In Ufa, Saint Andrei continued to push for Church reforms, including clerical election and the organisation of the laity. Bashkortostan was indeed a logical place for these sorts of reforms to occur, being the centre of one of the more successful coöperative movements in præ-revolutionary Russia and a long, proud history of left-wing political agitation going back to Pugachev’s Rebellion. And indeed, parish priests in Ufa were, for a short time, directly elected by their parishes under Saint Andrei’s rule. The First World War had a significant effect on Ufa as well. Although initially supportive of the causes of Russian entry into the Great War, Bishop Andrei soon came to realise that the human costs of the war far outweighed any good it might possibly bring, and his homiletics began to take on a strongly anti-war tone. Saint Andrei was actively involved in mobilising the Orthodox parishes in Ufa to care for the slow-rising flood of war orphans, refugees and wounded soldiers retreating from the Eastern Front.

Saint Andrei was active at this time in charitable and social work. He helped to found the East Russian Cultural Enlightenment Society («Восточнорусское Культурно-Просветительное Общество», VRKPO), which used its funding to sponsor schools, orphanages, libraries and hospitals throughout the Russian East from 1916 to 1919, when it was disbanded by the Soviet authorities. The VRKPO also promoted a cultural programme based on the Il’minskii system, which advocated for the cultural and linguistic rights of inorodtsy while at the same time propagating Orthodox Christianity within non-Russian speaking communities. It also promoted a moderate-left political agenda aimed at promoting financial self-sufficiency, communal credit and collective bargaining among both Russians and non-Russians living in the East. Several VRKPO members from Ufa were in fact elected to the Constitutive Assembly in 1917.

Saint Andrei’s relationship with Renovationism was complicated. He was, in fact, one of the founders – and the sole supporter and patron among the body of Orthodox bishops – of the proto-Renovationist ‘Union of Democratic Laity and Clergy’ («Союз демократического духовенства и мирян», SDDM) in Saint Petersburg in 1917. The SDDM, which was closely associated with the Socialist Revolutionary Party, sponsored and championed many of the reforms that Saint Andrei held dear: election of parish clergy, Liturgies in the vernacular, legal freedom of conscience, mobilisation of the laity in the life of the Church. It also shared Saint Andrei’s hostility to capitalism, and supported radical œconomic reforms meant to place control over Russia’s productive forces collectively in the hands of peasants and workers. In the press, Saint Andrei was called a ‘clerical Bolshevik’. It was meant as an insult, but Saint Andrei took it and wore it as a badge of honour, and supported it with reference to the Gospel of Saint Luke.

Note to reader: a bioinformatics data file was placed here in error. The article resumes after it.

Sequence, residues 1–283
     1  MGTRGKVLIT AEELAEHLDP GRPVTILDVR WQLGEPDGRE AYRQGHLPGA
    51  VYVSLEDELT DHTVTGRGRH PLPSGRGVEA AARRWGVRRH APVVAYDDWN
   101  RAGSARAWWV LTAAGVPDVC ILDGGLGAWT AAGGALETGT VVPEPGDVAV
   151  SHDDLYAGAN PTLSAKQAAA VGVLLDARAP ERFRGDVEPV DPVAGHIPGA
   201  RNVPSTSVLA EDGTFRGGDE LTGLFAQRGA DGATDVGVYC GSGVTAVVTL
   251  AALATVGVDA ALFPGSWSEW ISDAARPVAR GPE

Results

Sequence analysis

However, the SDDM was soon joined and later supplanted by several other Renovationist organisations with what today might be called accelerationist platforms. Saint Andrei perceived that these organisations, which came to coalesce into the hæretical ‘Living Church’, were aiming to attack and destroy the very sobornyi basis of the Church and subordinate it to the new Bolshevik party under a neo-Petrine, cæsaropapist political arrangement. This went against everything that Saint Andrei had lived, worked and fought for throughout his entire clerical career – and, more importantly, it went against the spirit of Christ. Saint Andrei also vehemently opposed Kerenskii’s attempts to sæcularise Russian society and break the Church away from many of the social organisations it fostered and supported – in particular the schools. He lambasted Kerenskii’s ‘atheism’ and ‘irreligion’ when he attempted to seize parish schools and convert them into state schools which would be officially neutral on questions of religion.

Similarly to Kang Youwei or Liang Shuming in China, Saint Andrei found himself out-of-step with the spirit of the times in two different ways. Prior to 1917 Saint Andrei had been a left-wing agitator, a narodnik, a champion of the rights of peasants and workers to determine their own œconomic livelihoods collectively for themselves. In the wake of 1917, Saint Andrei found himself a lonely voice for the religious conscience of the masses, for the humble piety of the same peasants and workers against a pernicious revolutionary doctrine of foreign provenance. Before, he had been a thorn in the side of the Synodal system, of the Black Hundreds, of Rasputin, of the obscurantist wings of the Tsarist clergy. Afterwards, he found himself a thorn in the side of the new and increasingly Bolshevik-dominated post-Revolutionary government… all without changing what he believed and what he stood for! He had always stood for Christ – alongside the widows, the orphans, the inorodtsy, the wounded and crippled casualties of war.

During the Civil War, in fact, Saint Andrei briefly worked for Admiral AV Kolchak of the White Navy who briefly set up a counterrevolutionary government in Siberia, helping to tend to White wounded and working to restore some semblance of order to the Church in Ufa after the Soviet takeover. Although Bishop Andrei’s personal relationship with Admiral Kolchak was good (the two sharing the same faith and many of the same convictions), the new Provisional All-Russian Government distrusted Andrei for the same reasons mentioned above: he had been a foe of the old order they were attempting to restore. As Vladimir Moss writes: ‘[Bishop Andrei] often appealed to Admiral Kolchak himself with his plan for organizing parishes throughout Eastern Russia. But he was rejected, and sometimes even persecuted. And this in spite of the fact that the supreme ruler himself greatly respected him.